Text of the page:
In 1909, Samuel Loftis and his wife, Harmon — the company secretary — dissolved their marriage in a fit of hostility. Harmon cited abuse and neglect, stemming from Samuel publicly striking Harmon in the face at at the South Shore Country Club ballroom. Samuel responded by charging his wife with drunkenness and infidelity. The divorce was granted in 1912, and Harmon moved to California with a $125,000 check in her pocketbook.

Samuel T. A. Loftis

Samuel, free of the shackles of marriage, set himself on a path marked by wine, women, and song, and his multi-million-dollar diamond business allowed him to afford all the indiscretions his heart desired. The housekeeper of his Chicago apartment described dozens of women coming and going over the months he resided in the apartment, which would prove to be his final residence. On August 30th, 1920, a drunk Samuel Loftis brought a girl to his apartment, Miss Ruth Woods, the fiancee of a business partner. By the end of the night, the fiancee, furrier Roy Shayne, was at the apartment, and Loftis was dead from a blow to the head. Woods claims she called Shayne for help after Loftis fell and hit his head on the floor. The story the police believed was that Loftis had attempted to ravage Miss Woods by force; she summoned Shayne for assistance, and a liquor bottle to the head ended Loftis’ conquest. An inquest was held, both Woods and Shayne were questioned, and when the inquest ended on August 4th the death was ruled accidental, due to a fall. On August 8th, ten days after Loftis’ death, Shayne and Woods were married in Milwaukee, after receiving a special dispensation to waive the five-day waiting period on Wisconsin marriage licenses.

The original, complete wire story about Loftis’ death included many more details of Woods’ and Shayne’s testimonies, and more information about Loftis’ life. Whether due to sloppy editing or a taste for the bizarre, most newspapers cropped the story down to end just where my quote above finishes: Loftis died, and he had a book of ghost signatures. The sensationalism of the reporter who composed the original wire story appears to have attempted to tie together the reckless life of the Loftis clan to the occultism of the 1920s, and to start a much longer story with an attention-getting zinger. Reporters visited crime scenes, and the book probably caught the eye of a beat reporter looking for something interesting to punch up the article.  Loftis was probably just hip to the fads of the time, and used it as a conversation piece, collecting the autographs of friends and marveling at the mysterious shapes. Loftis’ actual life was far more sinister than the so-called “ghost book” of the news reports.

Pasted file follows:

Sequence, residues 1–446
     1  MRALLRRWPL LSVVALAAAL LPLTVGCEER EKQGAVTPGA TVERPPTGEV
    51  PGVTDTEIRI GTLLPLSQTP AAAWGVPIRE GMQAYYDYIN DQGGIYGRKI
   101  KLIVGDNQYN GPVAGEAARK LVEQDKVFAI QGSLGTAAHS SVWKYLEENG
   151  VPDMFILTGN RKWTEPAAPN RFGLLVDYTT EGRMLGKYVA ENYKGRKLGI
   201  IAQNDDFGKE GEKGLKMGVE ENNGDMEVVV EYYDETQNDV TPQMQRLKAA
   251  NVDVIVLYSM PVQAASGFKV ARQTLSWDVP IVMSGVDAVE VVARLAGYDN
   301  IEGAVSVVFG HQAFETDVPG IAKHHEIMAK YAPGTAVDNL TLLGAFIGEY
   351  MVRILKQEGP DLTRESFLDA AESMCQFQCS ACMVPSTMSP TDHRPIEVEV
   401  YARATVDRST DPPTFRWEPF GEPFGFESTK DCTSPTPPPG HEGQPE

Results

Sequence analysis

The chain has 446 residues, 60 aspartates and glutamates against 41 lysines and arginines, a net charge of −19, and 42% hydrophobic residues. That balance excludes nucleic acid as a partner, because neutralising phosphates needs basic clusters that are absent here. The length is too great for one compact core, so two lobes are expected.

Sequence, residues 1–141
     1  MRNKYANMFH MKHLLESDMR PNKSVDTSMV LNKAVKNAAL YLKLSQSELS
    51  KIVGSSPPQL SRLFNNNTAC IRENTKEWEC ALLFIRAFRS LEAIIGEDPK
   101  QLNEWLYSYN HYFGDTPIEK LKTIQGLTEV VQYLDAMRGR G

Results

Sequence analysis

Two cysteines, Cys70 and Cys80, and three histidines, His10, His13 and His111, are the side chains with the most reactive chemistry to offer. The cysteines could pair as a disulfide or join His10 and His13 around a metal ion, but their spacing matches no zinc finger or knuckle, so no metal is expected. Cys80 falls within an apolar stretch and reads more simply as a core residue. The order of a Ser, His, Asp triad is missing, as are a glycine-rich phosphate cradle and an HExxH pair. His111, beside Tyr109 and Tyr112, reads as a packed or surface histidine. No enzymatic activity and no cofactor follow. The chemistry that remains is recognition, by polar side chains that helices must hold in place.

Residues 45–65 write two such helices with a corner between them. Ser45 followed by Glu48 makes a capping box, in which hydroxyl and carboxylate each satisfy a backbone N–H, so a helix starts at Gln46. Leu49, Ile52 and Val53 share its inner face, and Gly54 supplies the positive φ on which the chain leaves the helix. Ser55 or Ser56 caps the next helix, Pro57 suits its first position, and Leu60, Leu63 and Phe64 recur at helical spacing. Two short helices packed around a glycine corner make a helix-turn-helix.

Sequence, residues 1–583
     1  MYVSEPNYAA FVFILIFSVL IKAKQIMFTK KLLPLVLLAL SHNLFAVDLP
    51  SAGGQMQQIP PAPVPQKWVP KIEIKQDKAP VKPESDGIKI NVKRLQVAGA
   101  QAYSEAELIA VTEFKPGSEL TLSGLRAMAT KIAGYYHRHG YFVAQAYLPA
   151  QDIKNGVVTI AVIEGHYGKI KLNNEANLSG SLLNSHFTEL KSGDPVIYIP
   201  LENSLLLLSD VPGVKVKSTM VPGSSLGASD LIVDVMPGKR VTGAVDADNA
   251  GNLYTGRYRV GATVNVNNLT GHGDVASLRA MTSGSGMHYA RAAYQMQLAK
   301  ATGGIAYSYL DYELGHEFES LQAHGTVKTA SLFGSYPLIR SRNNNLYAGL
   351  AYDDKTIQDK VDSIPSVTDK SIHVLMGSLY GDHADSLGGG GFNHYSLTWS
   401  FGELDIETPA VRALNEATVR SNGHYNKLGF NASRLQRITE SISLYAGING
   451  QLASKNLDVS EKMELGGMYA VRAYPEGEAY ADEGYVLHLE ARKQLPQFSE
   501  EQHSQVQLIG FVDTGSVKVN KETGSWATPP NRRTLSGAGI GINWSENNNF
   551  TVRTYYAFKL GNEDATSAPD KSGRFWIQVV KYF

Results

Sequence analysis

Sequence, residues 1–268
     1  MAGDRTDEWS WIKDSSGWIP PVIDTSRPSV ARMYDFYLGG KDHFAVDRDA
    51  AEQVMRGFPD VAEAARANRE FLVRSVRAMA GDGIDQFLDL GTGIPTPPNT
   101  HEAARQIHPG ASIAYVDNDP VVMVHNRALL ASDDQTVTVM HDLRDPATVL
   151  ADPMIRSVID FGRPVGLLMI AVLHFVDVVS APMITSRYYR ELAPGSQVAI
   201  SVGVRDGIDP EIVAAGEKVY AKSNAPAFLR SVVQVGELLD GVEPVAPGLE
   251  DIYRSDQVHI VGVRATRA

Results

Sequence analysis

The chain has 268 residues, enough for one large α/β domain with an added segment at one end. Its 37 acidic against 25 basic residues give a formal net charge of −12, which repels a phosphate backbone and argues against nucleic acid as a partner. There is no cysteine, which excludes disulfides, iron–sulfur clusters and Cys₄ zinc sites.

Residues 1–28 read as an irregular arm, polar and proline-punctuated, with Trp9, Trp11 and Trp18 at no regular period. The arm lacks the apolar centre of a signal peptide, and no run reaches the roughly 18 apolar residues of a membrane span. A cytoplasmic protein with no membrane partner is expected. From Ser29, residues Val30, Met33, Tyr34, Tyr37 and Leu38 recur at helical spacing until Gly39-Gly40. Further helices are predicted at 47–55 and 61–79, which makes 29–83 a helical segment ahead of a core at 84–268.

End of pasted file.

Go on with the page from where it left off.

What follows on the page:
The poem the newspaper quoted from the forward of Loftis’ ghost book helps identify his book as The Ghosts of My Friends, the most common of the preprinted spirit autograph books from the first decade of the 20th century. The poem is by Gerald Villiers-Stuart, and appeared in his book The Soul of Croesus. Ghosts is attributed to Cecil Henland, who had made a name for herself by producing other books of the same format, with some front material and then blank pages for the purchaser to fill in, and in founding the National Society of Day-Nurseries. Henland married Lieut. Col. Arthur Percival at age 38 in 1907, but was widowed in World War I. Heland’s next most popular book was The Christmas Book, which included blank pages for people to write their wish-lists, and additional pages laid out to record the celebrations and events of the Christmas season.

The Ghosts of My Friends is somewhat common in online stores and websites, with the price varying quite wildly, but mostly sells for around $40. In 2009, a copy belonging to Fred Astaire, or someone in his family, was placed for auction and sold for several hundred dollars. Your Hidden Skeleton is less common and tends to bring a little higher price. People who own copies of either book tend to be rather proud of their ghost signatures, frequently posting samples online. If you’d like to make one of your own but without damaging an antique book, there is a company producing ghost autograph books similar to Cecil Henland’s, which can be purchased from Reflections of My Friends.

 

An Imp For A Centime

Many of my literary tastes were forged in an 8th grade English literature class. I find myself going back to many of those short stories, fond memories of classic and modern literature in little bits with some analysis and language learning involved. One particular tale blew my mind, and planted a seed that has lasted decades — regarding international money systems. I know, I tend to grab on to the boring parts, but bear with me a bit, here.

The story is The Bottle Imp, a short horror-thriller by Robert Louis Stevenson. Keawe, the main character, buys a ‘genie in a bottle,’ so to speak: a bottle imp, a trapped magical being who grants wishes, but with the trope of there being tragedy in the reward. One of the rules of the bottle imp is if you die with it in your posession, your soul is lost. The only way to part with the imp is to sell it, in coin, for less than it was purchased for. Its original purchase was an immeasurable fortune; by the time Keawe gets it, the price is down to $50. Through the story, the price drops and drops, a game of hot potato with the immortal soul as its prize, until Keawe buys back the bottle for a penny.

Here’s the twist: Keawe learns that there are French Polynesian coins worth less than a penny. A centime, he hears, is worth a fifth of a cent, so the hot-potato game goes on until an unlucky sailor ends up with the imp for a single centime, and resigns himself to Hell with nary a complaint.

I believe my teacher explained the centime like a pre-decimal British half-penny, part of a monetary system with many more subdivisions than the U.S. dollar, but she was incorrect: just as there are a hundred pennies to a dollar, there are a hundred centimes in a franc. The truth has more to do with my last article. Keawe exploits the difference in value of international currencies — let’s do the math here. If you’ll remember, the Stella was set at $4 because 20 francs was worth about $3.92. That makes a franc worth about nineteen-and-a-half cents. So, you divide a franc into a hundred parts, and what do you get? Each centime is worth slightly under a fifth of a penny, just as Keawe discovers.